Some people don’t think they have enough room for hang drying clothes. But you really don’t have to have a long clothesline to be able to dry a full load of laundry!
Here’s a lesson from the Chinese: to conserve space, they hang shirts, blouses, and dresses on clothes hangers before putting them on the line. They also clip socks and washcloths to the lower edge of other things.
Drying clothing on a hanger makes it super easy to put the laundry away once it’s done. However, large shirts (such as my husband’s!) will have a pucker where the end of the clothes hanger was in the sleeves. To avoid this, it’s best to hang larger shirts upside down by the hem.
Those are my two favorite tips when it comes to hanging drying clothes – but trust me, there are millions of other great “hacks” you need to know about when it comes to hanging drying clothes – even on a short line.
Check the Weather Report
You probably already know to check the weather forecast for rain if you’re going to hang dry your clothes. After all, why waste all that energy hanging your clothes on the line if they’re just going to get wet an hour after you’ve hung them up? However, it’s not just precipitation you should be on the lookout for.
Particularly if you or anybody in your family suffers from allergies, you need to avoid drying clothes on days when the pollen counts in your area are particularly high. You can find this information on most weather websites and apps.
Avoid Air Drying Down Garments
Down not only takes forever to dry in this way, but it won’t dry effectively. So if you’re going to use the dryer, save it for your down comforters, vests, and jackets. Otherwise, down will dry in clumps and leave your garments lumpy and misshapen.
Keep it Clean
The clothes – and the clothesline, that is. Believe it or not, clotheslines can get remarkably grimy over time. From dust to pollen, bird droppings to regular old dirt, there’s all kinds of nasty stuff that can end up on a clothesline.
Between loads of laundry, don’t just leave the clothespins clipped to the line – they’ll get dirty and can rust, which will stain your clothes. Remove them and store them in a clothespin bag and then give your line a good wipe down before you hang another load.
Resist the Urge to Hang Super Heavy Items
Although I’m a huge proponent of hanging just about anything on a clothesline to dry, there are some clothes that you might be better off laying flat on a drying rack.
Certain garments, like knit sweaters, will develop saggy shoulders and misshapen sleeves should you choose to hang them in this way. Instead, lay out bulkier items on the rack, and turn them once or twice as they dry to maintain the evenness of moisture.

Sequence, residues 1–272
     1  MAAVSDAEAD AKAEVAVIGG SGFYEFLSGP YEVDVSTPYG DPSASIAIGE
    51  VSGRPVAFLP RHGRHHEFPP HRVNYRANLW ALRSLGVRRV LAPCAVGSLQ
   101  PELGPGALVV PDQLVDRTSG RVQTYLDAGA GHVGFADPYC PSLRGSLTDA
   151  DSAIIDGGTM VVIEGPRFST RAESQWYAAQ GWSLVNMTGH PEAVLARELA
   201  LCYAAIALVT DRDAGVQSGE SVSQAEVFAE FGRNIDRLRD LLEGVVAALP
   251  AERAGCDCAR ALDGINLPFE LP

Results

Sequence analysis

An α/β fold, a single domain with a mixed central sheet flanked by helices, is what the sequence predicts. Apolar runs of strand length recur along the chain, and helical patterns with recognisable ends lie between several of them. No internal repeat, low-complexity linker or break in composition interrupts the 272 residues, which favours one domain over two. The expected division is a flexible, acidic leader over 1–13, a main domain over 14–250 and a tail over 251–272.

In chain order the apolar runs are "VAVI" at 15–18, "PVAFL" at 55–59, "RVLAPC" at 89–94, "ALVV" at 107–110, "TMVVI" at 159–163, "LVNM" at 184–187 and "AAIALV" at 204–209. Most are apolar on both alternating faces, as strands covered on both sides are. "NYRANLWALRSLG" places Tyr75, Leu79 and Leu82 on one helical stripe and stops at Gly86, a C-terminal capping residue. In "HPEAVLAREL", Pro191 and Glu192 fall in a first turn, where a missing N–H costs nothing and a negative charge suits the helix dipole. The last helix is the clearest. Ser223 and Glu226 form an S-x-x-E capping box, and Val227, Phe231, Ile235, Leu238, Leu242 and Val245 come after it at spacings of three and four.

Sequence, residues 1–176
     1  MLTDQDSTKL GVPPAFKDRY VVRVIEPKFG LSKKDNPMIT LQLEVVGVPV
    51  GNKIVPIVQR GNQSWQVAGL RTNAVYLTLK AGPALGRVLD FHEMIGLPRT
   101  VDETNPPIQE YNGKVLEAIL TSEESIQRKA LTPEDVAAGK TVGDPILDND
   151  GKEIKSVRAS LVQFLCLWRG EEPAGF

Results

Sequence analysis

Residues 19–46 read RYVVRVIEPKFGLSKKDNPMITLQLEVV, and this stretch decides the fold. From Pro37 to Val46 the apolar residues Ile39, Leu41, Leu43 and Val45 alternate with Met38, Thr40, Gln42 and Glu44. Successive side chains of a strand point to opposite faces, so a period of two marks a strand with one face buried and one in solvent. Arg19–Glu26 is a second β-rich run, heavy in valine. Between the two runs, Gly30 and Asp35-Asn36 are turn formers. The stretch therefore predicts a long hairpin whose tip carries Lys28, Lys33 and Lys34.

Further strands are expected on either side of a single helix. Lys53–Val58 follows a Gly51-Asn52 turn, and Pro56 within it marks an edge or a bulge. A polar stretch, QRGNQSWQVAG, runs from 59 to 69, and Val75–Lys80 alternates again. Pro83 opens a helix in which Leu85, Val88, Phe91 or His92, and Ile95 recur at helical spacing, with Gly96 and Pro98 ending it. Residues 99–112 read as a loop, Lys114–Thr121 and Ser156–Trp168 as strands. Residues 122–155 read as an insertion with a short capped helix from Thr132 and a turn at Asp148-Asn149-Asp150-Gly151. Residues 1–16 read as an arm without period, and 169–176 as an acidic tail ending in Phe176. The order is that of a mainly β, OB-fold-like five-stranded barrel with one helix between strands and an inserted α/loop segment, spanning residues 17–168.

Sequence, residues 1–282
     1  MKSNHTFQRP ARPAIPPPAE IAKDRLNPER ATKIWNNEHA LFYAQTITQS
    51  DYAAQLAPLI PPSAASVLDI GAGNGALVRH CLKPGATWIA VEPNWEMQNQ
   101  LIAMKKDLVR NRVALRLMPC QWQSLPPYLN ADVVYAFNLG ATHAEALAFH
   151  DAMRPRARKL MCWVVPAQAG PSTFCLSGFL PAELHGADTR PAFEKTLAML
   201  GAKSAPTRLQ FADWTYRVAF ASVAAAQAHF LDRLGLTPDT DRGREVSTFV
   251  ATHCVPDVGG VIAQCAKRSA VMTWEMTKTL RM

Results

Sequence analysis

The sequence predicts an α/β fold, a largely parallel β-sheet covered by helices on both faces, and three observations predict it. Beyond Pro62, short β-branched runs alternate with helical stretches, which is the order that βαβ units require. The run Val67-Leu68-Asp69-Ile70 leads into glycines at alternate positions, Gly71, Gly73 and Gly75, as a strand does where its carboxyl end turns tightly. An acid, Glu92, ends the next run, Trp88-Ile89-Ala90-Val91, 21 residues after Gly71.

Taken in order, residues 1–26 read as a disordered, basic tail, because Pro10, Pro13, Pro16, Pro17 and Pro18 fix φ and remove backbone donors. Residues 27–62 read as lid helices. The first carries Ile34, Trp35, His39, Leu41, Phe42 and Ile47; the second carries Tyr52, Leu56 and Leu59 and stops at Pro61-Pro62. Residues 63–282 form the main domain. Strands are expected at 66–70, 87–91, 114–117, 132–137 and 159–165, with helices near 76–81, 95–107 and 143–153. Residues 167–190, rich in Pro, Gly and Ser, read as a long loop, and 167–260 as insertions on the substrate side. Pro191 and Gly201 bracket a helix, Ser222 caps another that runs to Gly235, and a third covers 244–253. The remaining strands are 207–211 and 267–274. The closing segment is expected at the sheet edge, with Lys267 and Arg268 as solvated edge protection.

Avoid Drying Vibrantly-Colored Clothes in Direct Sunlight
You don’t have to position your clothesline right in the sun, nor is it always the best idea. Direct and intense sunlight will break down the dye used on your fabrics and can cause them to fade.
If you’re going to be drying a lot of bright-colored or dark-colored clothes outside (basically anything except pastels or naturals) your clothesline should be positioned in a shaded spot to help prevent fading.
You don’t have to worry quite as much about white clothing and other fabrics. These can be dried in full sun. In fact, doing so will actually help kill bacteria on fabrics and will naturally bleach them to help them retain their white vibrancy.
Dry the Largest Items First
If you’re going to be hanging clothing, towels, sheets, and a variety of other items on the same clothesline, start with the biggest items first so you can make the most efficient use of the space. Hang the sheets first then the towels, and then the clothing.
Try to leave at least an inch or two between all of these items so that air can move more effectively among the clothes and hasten the drying process.
Hang Garments by Type
Not all clothing should be hung in the exact same way. You need to pay attention to the garment type as you hang your wet laundry so that it can dry quickly and as wrinkle-free as possible.
When it comes to pants, for example, you need to line up the inside seams and pin them by their hems rather than the waistband. For knit fabrics, like skirts, hang them upside down so you don’t have sagging or visible clip marks on the shoulders.
For shirts, make sure you hang them by the bottom hems and cuffs. That way, they won’t create odd marks around the shoulders. Small garments don’t sag much when they’re wet, so you can hang them however you’d like (this includes things like socks and underwear).
When you are hanging sheets, pin them up by the corners. Secure them with an extra clip so they don’t blow away on super windy days.
Fold Your Laundry Immediately
As soon as you pull a load of laundry off the clothesline, you need to fold it (I know, so much work!). If you don’t, your clothes will become wrinkled and misshapen.
Get them folded as soon as you take them off the line and you won’t have to worry about adding ironing to your list of chores.
Shake it Out
Before you hang each and every garment, take the time to shake it out. This will help reduce the likelihood of stiffness that can result when you hang clothes on a line to dry – one of the biggest inconveniences I’ve noticed when drying my clothes in this fashion!
Make sure your fabrics are fully stretched out on the line and aren’t clinging to themselves or crumpled up. This will help reduce wrinkles so you don’t have to waste time or energy ironing later on.
Take Your Time
It takes a while to hang dry our clothes. Even when you’re drying your clothes on a clothesline on the hottest, driest day of summer, it’s still going to take longer for them to dry than in the machine. You will need to give yourself at least two to four hours for most kinds of fabric on a warm day with a light breeze.